Google is a great search engine for finding just about anything, but not necessarily your family tree. However, here are a few ideas to improve your chances of finding more about a hometown, a business or an ancestor using Google.
First, narrow the search. Place quote marks (“) around the names or keywords you are searching. If it is a person’s name such as Henry W. Wilson; you can do “Henry W. Wilson” or “Wilson, Henry W.” If you are looking for an obituary, write with quote marks “obituary”.
Next to avoid getting an individual who not your ancestor and from a location that is not a family hometown, use the minus sign (-) before the key words you do not want found. For example, you are looking for an ancestor named James F. Franklin who only lived in New York. But there is also a James F. Franklin from Virginia, not related. In the search place “James F. Franklin” – “New York” (using quote again). You can even place a minus sign with a couple names or places not wanted. Example: “James F. Franklin” -“New York” -“Pennsylvania” Place that minus right next to the word not wanted.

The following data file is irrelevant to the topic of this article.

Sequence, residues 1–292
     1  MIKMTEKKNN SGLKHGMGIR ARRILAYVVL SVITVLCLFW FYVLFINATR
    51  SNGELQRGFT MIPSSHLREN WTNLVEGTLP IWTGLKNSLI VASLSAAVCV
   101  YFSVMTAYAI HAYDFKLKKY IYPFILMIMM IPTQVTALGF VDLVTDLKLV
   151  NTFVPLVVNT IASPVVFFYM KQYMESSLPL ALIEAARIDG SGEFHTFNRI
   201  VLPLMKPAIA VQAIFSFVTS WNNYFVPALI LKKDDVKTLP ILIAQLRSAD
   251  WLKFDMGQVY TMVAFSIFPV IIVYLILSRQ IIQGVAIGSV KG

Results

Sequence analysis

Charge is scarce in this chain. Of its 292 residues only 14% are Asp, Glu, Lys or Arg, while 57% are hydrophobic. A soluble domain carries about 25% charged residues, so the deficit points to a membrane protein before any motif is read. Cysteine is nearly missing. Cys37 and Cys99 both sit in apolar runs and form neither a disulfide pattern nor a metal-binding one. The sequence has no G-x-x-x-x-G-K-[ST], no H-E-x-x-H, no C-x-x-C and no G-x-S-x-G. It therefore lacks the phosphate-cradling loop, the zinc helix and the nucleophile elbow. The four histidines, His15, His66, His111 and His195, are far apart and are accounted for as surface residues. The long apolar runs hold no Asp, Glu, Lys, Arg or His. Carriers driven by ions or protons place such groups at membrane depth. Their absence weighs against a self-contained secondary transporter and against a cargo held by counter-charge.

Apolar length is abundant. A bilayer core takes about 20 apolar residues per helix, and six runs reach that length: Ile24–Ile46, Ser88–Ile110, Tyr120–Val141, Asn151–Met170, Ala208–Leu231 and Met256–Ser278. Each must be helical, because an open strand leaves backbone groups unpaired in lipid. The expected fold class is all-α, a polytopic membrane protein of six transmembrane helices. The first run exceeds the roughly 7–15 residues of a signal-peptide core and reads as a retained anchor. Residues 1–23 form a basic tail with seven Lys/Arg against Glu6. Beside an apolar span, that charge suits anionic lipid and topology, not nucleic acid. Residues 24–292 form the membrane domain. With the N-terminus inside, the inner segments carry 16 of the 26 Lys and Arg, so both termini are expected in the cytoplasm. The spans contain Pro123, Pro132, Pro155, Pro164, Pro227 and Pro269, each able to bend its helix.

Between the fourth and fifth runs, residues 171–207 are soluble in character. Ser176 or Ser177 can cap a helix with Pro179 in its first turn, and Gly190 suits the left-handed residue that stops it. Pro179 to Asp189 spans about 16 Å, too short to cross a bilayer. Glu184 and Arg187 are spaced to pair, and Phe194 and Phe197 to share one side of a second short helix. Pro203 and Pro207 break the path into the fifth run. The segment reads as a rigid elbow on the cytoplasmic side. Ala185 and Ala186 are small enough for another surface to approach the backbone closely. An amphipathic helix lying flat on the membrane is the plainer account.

To find a surname in the text of a document or book, use ‘allintext’ before the key name or word. Place a colon after allintext:
Important is the time frame. If your ancestor lived roughly between 1864 and 1930 (giving yourself a bit of a spread) when you don’t know the exact dates use the periods (…) and dates in the search. Example: “Randolph, Ralph Earl” 1864 … 1930 Note, use the surname first for the name.
Also with Google, on its home page, there is a ‘Settings’ link in the lower right-hand corner. Click on it and you’ll get a drop ‘up’ menu. From there, click ‘Advanced Search’ to help narrow your search also.
Work on a Google search at least every one to two months because new web sites, family trees, books, images, and databases go online. See what you can discovery using these techniques.
Photos: Google for Genealogy; Google Search.
Related FamilyTree.com Blogs:
< Return To Blog